As a parent you want nothing more than to keep your children safe in what is becoming and increasingly safe world, but this is not always easy. One of the dangers which worries all parents today is that of drugs and, while you would hope that your children would never take drugs in the first place, you need to know just what to do if the day comes that you suspect that your teenager is taking drugs.
The first thing you need to do is to tackle the problem head on and talk to your teenager, and the important word here is talk. Do not shout or scream and certainly do not start making any sort of accusations. Also, sit down and think carefully about what you are going to say and do not rush in and end up saying something that did not intend to say.
You do however need to be open and honest and not ‘beat around the bush’ or try to trick you child into a ‘confession’. Come right out and tell your teenager that you are concerned about him and are worried that he might be taking drugs. Then, go on to carefully explain just why you believe this is the case and cite specific examples which lead you to this belief. Detail the changes in his mood or behavior which are causing you concern or produce his falling school grades to demonstrate the reason for your concern. Explain carefully that if he is taking drugs then this is a problem which he needs to confront and deal with and that your objective is simply to help him, which you can only do if he tells you just what is going on. Finally, you should let him know, without threatening him in any way, that you are sufficiently concerned that, if he is not willing to talk to you, you will have to take further steps to get to the bottom of the problem.
If, at this stage, he does not open up to you then the next step is indeed to investigate further but do so carefully because, while they problem may indeed be drugs, it could also be something else entirely such as problems at school or with a friend.
Start at home by checking such things as your child’s room and car for any signs of drugs. Next, if you have a good relationship with some of your child’s friends then tell them that you are worried about your child and ask if they know what the problem is. You may well find a friend who knows exactly what is going on, does not agree with what your child is doing and is happy to tell you when asked.
If you are still in the dark at this point start checking up on your child so that you know exactly where he is at all times. This should also include checking the school register to ensure that he is not skipping classes. Also, make your child account for where his money is going. Feeding a drug habit is an expensive operation and your child will almost certainly be spending more and more money without anything tangible to show for it.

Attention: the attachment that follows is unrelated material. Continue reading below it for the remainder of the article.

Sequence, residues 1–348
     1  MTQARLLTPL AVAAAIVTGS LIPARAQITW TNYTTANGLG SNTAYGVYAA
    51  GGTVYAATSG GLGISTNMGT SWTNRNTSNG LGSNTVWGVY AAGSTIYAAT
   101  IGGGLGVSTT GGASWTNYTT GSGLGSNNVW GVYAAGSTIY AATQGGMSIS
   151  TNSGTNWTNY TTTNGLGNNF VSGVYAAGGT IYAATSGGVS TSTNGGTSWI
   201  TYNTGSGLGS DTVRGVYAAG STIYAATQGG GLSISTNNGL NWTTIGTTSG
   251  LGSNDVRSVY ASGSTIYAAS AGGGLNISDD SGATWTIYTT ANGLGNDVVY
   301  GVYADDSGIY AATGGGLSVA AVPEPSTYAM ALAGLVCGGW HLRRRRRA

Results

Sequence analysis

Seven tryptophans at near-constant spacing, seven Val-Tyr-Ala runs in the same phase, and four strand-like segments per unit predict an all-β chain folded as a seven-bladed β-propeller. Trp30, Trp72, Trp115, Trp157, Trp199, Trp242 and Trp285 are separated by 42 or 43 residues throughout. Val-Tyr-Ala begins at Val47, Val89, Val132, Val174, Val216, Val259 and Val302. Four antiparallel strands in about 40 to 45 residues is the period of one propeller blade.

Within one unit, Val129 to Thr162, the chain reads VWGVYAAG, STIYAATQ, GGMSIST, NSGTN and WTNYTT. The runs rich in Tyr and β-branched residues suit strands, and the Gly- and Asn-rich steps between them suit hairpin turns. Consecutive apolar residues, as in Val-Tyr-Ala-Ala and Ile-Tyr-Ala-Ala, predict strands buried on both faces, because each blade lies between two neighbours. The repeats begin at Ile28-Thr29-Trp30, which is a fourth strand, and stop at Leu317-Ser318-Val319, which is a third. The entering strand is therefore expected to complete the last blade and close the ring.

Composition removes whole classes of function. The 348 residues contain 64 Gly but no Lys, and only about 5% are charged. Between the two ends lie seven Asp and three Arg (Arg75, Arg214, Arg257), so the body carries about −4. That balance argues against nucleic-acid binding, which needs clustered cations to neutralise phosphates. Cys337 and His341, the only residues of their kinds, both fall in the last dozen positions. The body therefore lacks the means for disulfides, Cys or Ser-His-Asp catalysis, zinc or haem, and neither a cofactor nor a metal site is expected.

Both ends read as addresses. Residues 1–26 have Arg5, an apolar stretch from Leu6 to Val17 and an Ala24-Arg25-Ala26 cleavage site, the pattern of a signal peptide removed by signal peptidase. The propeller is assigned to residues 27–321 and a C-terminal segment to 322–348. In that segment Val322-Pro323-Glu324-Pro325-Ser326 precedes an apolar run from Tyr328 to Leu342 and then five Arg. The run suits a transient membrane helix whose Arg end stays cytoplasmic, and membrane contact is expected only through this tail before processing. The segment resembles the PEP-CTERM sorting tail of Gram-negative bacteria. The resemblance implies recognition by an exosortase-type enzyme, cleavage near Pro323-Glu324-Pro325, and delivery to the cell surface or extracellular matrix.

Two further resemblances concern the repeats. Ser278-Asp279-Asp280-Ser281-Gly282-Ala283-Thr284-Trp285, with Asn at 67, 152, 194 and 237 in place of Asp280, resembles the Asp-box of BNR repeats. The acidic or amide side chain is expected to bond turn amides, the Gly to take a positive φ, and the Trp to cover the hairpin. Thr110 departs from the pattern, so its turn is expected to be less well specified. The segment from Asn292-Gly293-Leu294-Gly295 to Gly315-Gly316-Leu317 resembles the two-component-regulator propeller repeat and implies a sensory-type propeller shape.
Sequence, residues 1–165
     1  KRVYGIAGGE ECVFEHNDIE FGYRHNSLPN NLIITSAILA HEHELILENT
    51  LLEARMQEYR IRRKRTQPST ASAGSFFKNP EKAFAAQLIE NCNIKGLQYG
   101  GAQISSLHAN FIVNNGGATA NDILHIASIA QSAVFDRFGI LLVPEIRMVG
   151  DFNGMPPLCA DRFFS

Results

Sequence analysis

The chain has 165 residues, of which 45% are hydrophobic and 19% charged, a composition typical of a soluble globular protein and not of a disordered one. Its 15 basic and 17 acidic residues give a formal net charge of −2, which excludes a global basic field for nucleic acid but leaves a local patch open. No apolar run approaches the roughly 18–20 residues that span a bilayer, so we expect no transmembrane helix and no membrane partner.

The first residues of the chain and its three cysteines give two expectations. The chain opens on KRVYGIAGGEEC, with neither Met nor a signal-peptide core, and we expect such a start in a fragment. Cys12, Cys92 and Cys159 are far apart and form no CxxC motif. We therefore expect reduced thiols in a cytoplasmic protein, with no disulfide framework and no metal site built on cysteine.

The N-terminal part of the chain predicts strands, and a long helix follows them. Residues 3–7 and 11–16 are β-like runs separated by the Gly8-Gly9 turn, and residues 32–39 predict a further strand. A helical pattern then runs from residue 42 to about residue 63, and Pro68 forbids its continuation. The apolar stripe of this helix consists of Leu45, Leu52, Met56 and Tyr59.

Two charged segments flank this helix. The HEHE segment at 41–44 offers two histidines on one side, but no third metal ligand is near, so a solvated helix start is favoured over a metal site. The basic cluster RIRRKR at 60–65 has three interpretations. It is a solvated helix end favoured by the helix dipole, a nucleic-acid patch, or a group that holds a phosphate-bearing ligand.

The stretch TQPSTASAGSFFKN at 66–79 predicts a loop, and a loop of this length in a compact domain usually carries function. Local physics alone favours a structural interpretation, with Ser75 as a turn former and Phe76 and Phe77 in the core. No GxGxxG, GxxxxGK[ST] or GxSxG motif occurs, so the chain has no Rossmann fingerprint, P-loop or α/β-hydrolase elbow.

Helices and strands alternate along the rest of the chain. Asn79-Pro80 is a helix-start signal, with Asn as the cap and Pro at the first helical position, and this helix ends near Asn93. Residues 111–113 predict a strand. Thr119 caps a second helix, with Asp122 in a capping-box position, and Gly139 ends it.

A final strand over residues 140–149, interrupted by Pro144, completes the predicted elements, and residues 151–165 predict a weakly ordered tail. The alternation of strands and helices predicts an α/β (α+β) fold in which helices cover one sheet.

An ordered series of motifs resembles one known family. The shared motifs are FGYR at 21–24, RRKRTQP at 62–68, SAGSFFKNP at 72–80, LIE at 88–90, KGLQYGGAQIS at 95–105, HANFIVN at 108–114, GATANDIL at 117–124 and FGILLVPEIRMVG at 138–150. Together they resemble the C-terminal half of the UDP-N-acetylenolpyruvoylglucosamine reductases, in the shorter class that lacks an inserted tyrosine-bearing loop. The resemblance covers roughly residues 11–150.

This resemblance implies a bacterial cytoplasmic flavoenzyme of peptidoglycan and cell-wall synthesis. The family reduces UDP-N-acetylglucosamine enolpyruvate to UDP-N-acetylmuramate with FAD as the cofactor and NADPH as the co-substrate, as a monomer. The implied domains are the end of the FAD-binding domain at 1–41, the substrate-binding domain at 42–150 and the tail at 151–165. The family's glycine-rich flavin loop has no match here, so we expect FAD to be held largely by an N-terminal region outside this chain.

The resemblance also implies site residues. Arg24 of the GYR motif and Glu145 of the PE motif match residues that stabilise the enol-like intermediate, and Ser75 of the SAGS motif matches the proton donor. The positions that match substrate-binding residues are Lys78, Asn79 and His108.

Eventually you will hopefully get to the root of the problem and, if it does turn out to be drugs, then the next question is what you should do once your suspicions are confirmed.
Because you have already talked to your child without success it will probably be a good idea at this point to bring in some outside professional help. This does not necessarily mean a drugs counselor at this stage but does mean someone who is used to handling problems of this nature and who is likely to receive a favorable, or at least not hostile, reaction from your child. A good starting point might be the family doctor or minister. The objective here could be for them to get to the root of the problem themselves or, if this does not happen, to act as a ‘go-between’ to get your child to agree to see a professional counselor.
If your own investigation does not confirm your suspicion, then turning to someone like your family doctor or minister, or indeed anyone who your child trusts or has a close relationship with, may also do the trick and your child could well open up to them even though he will not open up to you.
The prospect of your teenager getting into drugs can be terrifying but the secret to dealing with the problem is to stay calm, get to the root of the problem as quickly as you can and then get professional help.